This is a 1758 Bellin map of the Caribbean islands of Guadeloupe and Marie-Galante, drawn one year before the British occupation of the archipelago during the Seven Years' War. The British would hold Guadeloupe and Marie-Galante from 1759 British until the 1763 Treaty of Paris. British rule of the archipelago had the effect of making the archipelago's European colonists wealthy, as it opened markets in British North America to Guadeloupean sugar. In turn, this led to the forced relocation and enslavement of 18,000 Africans to meet the demand for sugar production. In the 1763 Treaty of Paris, now considering Guadeloupe a colonial prize, France would give up its Canadian colonies in exchange for Guadeloupe.
Publication History and CensusThe map was included in Harpe's 1780 abridged edition of Prévost's Histoire générale des voyages. This map appears on the market from time to time, but OCLC lists only three copies of the separate map (although inconsistencies in cataloguing mean this number may be higher.) Prévost's Histoire and Harpe's abridged version of it are well represented in institutional collections.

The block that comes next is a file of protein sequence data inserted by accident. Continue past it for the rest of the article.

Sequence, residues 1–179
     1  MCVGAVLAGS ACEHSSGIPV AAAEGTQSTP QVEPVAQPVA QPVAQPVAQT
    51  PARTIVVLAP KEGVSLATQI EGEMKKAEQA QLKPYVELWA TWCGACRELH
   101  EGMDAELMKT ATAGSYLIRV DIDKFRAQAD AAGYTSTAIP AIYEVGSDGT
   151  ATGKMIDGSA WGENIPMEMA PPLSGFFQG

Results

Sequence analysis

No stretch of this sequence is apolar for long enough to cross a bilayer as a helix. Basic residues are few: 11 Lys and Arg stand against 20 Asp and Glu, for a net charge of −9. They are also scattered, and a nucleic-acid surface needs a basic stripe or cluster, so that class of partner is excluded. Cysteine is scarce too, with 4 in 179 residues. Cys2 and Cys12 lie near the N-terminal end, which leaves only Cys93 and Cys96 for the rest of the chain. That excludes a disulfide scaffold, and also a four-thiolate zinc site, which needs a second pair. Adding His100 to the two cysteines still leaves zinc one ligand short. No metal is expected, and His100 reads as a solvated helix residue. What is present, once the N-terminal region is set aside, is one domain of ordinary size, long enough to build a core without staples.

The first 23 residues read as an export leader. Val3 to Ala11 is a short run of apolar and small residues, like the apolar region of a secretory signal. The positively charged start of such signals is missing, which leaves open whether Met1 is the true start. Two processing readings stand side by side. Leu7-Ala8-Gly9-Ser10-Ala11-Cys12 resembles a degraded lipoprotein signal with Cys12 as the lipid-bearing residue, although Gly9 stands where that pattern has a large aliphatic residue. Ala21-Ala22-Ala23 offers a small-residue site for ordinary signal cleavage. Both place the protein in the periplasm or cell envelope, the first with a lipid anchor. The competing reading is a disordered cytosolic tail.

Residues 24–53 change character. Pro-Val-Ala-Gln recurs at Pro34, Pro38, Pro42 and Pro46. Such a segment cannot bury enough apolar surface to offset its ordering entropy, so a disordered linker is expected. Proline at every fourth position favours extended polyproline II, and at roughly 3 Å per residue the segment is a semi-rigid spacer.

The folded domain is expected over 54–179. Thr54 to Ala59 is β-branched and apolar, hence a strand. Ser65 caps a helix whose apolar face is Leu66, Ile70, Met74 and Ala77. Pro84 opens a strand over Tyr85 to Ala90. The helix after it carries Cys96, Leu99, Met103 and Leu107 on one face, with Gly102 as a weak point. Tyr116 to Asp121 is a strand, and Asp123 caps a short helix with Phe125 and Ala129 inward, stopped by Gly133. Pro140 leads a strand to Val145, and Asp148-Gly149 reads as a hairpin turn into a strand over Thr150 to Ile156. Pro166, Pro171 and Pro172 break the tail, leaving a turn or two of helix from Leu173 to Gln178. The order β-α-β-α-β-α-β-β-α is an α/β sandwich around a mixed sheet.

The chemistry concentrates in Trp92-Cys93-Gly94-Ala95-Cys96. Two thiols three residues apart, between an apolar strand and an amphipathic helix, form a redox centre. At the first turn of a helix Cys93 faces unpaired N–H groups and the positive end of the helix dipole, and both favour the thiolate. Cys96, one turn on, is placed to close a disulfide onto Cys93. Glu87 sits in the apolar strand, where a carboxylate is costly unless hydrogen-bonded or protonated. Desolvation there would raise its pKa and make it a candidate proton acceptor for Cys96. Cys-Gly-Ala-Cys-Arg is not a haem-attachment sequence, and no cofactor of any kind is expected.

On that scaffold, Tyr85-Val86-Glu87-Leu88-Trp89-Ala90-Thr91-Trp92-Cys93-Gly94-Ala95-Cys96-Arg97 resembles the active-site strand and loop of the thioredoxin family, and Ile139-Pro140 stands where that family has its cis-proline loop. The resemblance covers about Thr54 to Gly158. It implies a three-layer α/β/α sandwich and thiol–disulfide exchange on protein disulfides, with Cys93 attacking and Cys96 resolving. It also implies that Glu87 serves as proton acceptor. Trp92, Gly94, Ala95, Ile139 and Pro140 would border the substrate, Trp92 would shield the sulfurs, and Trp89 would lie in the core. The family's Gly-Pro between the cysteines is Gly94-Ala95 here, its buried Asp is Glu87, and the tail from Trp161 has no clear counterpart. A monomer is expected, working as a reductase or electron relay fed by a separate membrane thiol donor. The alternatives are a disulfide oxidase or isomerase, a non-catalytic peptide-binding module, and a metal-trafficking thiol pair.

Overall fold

Jacques-Nicolas Bellin (1703 - March 21, 1772) was one of the most important cartographers of the 18th century. With a career spanning some 50 years, Bellin is best understood as geographe de cabinet and transitional mapmaker spanning the gap between 18th and early-19th century cartographic styles. His long career as Hydrographer and Ingénieur Hydrographe at the French Dépôt des cartes et plans de la Marine resulted in hundreds of high quality nautical charts of practically everywhere in the world. A true child of the Enlightenment Era, Bellin's work focuses on function and accuracy tending in the process to be less decorative than the earlier 17th and 18th century cartographic work. Unlike many of his contemporaries, Bellin was always careful to cite his references and his scholarly corpus consists of over 1400 articles on geography prepared for Diderot's Encyclopedie. Bellin, despite his extraordinary success, may not have enjoyed his work, which is described as "long, unpleasant, and hard." In addition to numerous maps and charts published during his lifetime, many of Bellin's maps were updated (or not) and published posthumously. He was succeeded as Ingénieur Hydrographe by his student, also a prolific and influential cartographer, Rigobert Bonne. Learn More...
De la Harpe, Abrégé de l'histoire générale des voyages. (Paris) 1780.
Very good condition; some staining to right margin away from image. Else excellent with a bold strike and generous margins.